For two consecutive Saturdays, visitors to the Olomoucké barokní slavnosti (Olomouc Baroque Festival) had the opportunity to listen to works by lesser-known composers whose music not only in many respects far surpassed the standard of the time, but whose fates were also closely linked to Olomouc.
The first of the mentioned and reviewed concerts took place on 28 August in the festive hall of Klášterní Hradisko and featured Musica figuralis under the direction of Marek Čermák. The programme involved works by Joseph Puschmann, a Moravian composer and from 1777 a chapel master of the Olomouc cathedral. However, it would be a mistake to think that this was only a local compositional talent. Puschmann’s compositions can be found in many European music collections, and even before he accepted service at the cathedral, he worked in the service of Baron Skrbenský in Hošťálkovy or as a chapel master of Ignác Dominik Chorynský, the Silesian Governor in Opava.
The festival concert focused on Puschmann’s secular works. His Symphony in C minor, Violin Concerto in G major and Symphony in E flat major were performed. The first piece of the evening, Symphony in C minor, represents the only known minor symphony by the composer so far. It is remarkable, among other things, for its sudden melodic dynamic, rhythmic and expressive contrasts. The dark and brooding musical motif here can be transformed in an instant into an energetic and stirring musical surface with an almost jubilant character. Not only the composer, but especially the performers were able to work with these contrasts skilfully. The ensemble, led by Marek Čermák, moved between heated dynamics with thrilling precision and clear musical intent. The brass section, led by the horns, also deserves great praise, whose final “notches” perfectly underlined, for example, the natural gradation of the first movement. However, Puschmann’s music is not only energetic and dramatic; indeed, the composer also gives a great deal of space to lyrical moods, as can be seen, for example, in the second movement of the Symphony in C minor, or even more so in his Violin Concerto in G major. The violinist Martyna Pastuzska also performed in this piece with the ensemble Musica figuralis. Puschmann’s concerto makes extensive use of so-called artificial string harmonic techniques (artificial flageolets), from which he builds tender and almost pastoral surfaces. What I personally appreciate most about Puschmann’s work, however, is his sense of phrase construction, and especially his treatment of the soloist since the artist is not relegated to a mere virtuosic element (although it is true that the time of empty virtuosity was yet to come); the opposite is true – often, the soloist delivers seemingly simple musical phrases that gradually develop into melodic, rhythmic and expressive richness. The soloist completed her task excellently. The fragile motifs in pianissimo dynamics were “fluffy” and played with a “light hand”, while in the more escalated parts the artist was not afraid to take a step towards to a much harsher musical expression. The evening closed with the equally successful Symphony in G major, cleverly chosen, by the artistic director, to end the programme – its fast pace, exultant character and at times thrilling drama were the ideal endings to what was a successful concert.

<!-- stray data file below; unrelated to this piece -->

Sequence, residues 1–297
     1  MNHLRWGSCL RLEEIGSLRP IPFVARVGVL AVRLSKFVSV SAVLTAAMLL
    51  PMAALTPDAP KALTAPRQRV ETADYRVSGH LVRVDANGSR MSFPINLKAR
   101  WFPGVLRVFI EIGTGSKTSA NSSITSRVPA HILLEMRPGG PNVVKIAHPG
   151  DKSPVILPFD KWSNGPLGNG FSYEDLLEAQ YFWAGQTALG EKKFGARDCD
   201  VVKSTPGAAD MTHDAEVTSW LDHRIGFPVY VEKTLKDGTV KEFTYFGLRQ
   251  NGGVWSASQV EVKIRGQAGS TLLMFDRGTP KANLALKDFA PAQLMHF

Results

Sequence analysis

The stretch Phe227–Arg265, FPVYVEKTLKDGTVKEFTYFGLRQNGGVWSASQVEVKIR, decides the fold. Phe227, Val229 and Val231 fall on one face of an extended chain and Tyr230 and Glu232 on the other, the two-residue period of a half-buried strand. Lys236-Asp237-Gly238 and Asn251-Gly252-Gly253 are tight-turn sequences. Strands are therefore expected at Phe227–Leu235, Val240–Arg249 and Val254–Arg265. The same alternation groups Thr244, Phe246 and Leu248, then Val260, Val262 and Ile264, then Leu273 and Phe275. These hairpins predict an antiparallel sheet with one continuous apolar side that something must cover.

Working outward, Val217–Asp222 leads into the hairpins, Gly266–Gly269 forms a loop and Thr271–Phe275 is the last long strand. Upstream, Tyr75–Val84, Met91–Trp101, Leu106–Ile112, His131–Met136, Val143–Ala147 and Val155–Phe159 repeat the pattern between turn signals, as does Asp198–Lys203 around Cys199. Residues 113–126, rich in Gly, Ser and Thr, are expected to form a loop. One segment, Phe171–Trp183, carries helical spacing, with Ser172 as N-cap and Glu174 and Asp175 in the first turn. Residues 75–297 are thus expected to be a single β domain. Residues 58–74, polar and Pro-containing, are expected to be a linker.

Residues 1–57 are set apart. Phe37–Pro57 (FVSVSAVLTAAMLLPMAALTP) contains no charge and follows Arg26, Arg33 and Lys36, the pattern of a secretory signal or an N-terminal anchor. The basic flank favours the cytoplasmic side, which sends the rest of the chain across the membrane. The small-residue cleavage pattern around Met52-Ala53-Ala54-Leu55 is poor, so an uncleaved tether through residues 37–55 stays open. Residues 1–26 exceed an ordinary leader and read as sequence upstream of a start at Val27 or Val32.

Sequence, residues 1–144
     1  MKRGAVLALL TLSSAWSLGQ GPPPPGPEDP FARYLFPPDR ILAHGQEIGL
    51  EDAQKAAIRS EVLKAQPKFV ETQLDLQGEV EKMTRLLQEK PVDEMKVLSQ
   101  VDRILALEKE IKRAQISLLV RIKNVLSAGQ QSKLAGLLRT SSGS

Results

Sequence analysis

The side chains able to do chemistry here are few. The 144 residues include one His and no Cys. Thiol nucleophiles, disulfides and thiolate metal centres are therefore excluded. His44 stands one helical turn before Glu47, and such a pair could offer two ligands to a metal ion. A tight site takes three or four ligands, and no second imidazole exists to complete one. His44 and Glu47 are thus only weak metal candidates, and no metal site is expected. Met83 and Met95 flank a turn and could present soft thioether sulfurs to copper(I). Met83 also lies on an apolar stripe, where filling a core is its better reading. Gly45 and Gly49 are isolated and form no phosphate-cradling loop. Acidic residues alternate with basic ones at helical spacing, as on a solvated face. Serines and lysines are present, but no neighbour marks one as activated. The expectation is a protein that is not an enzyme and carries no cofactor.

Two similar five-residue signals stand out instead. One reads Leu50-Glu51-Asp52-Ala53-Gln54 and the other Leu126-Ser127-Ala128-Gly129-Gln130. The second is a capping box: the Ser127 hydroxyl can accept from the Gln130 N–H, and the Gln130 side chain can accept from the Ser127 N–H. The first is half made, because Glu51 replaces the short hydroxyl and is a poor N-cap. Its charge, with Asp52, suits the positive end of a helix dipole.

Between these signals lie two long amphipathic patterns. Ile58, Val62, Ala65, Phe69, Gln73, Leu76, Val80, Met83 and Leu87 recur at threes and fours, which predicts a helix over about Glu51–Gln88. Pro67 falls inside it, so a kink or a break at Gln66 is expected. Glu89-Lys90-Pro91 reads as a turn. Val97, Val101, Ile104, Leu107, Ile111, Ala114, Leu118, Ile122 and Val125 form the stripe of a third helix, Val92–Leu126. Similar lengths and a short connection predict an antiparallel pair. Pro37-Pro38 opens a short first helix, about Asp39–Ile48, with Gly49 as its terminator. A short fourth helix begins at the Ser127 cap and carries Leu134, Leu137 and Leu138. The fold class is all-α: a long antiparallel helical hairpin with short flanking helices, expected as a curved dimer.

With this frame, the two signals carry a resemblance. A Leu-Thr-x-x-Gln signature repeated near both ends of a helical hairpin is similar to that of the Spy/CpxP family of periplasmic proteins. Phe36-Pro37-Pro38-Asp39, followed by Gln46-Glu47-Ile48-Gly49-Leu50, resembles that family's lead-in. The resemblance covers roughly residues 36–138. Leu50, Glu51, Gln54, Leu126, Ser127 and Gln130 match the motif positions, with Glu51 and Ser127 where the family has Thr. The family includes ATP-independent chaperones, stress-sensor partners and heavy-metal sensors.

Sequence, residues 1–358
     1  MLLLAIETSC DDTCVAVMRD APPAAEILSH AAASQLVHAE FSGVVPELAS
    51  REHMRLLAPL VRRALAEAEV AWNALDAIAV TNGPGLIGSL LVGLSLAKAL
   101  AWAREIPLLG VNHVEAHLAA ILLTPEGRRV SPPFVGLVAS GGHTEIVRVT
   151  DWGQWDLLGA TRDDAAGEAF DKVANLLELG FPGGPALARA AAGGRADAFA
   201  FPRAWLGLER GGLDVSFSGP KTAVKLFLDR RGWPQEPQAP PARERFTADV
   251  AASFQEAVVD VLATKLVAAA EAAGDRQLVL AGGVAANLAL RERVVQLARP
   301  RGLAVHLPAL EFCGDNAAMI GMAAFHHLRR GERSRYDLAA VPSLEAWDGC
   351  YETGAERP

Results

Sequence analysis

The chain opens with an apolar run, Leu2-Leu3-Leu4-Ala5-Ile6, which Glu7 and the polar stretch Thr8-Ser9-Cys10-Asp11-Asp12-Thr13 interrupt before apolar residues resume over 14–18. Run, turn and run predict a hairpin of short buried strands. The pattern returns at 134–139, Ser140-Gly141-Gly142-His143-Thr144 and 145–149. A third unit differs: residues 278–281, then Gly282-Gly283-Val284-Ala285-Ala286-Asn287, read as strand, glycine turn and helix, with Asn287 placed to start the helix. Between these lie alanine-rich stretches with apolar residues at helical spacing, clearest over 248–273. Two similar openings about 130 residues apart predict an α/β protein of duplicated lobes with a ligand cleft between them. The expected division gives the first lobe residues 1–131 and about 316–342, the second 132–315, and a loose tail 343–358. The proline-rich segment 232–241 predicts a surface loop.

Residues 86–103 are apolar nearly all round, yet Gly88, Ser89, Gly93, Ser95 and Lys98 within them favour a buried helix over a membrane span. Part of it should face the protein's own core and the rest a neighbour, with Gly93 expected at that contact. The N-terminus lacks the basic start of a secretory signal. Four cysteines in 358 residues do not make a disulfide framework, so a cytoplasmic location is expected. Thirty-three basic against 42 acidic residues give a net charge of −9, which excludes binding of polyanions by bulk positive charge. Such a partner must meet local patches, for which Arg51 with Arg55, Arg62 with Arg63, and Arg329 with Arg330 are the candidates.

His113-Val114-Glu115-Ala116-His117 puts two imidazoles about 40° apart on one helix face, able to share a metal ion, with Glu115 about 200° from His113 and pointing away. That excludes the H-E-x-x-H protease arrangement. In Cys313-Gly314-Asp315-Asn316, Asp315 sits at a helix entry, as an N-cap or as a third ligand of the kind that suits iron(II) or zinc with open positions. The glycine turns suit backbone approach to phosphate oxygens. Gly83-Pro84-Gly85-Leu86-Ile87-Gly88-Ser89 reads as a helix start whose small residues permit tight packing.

The second Saturday in a row – 4 September 2021 – took festival visitors to the Church of Our Lady Helper of Christians. Here, in the staging of the ensemble Societas Incognitorum under the artistic direction of Eduard Tomaštík, Philipp Jakob Rittler’s Missa Carolina was re-instated at the world level. This Baroque composer has only recently received the deserved attention of both the professional public and performers. Until now, his chamber works have rather been known, so Missa Carolina represents a new milestone in our knowledge of Rittler’s compositional production. In addition to the instrumentalists, the soloists Kateřina Šujanová (soprano), Yvetta Fendrichová (soprano), Monika Jägerová (alto), Ondřej Múčka (tenor) and Jaromír Nosek (bass) performed.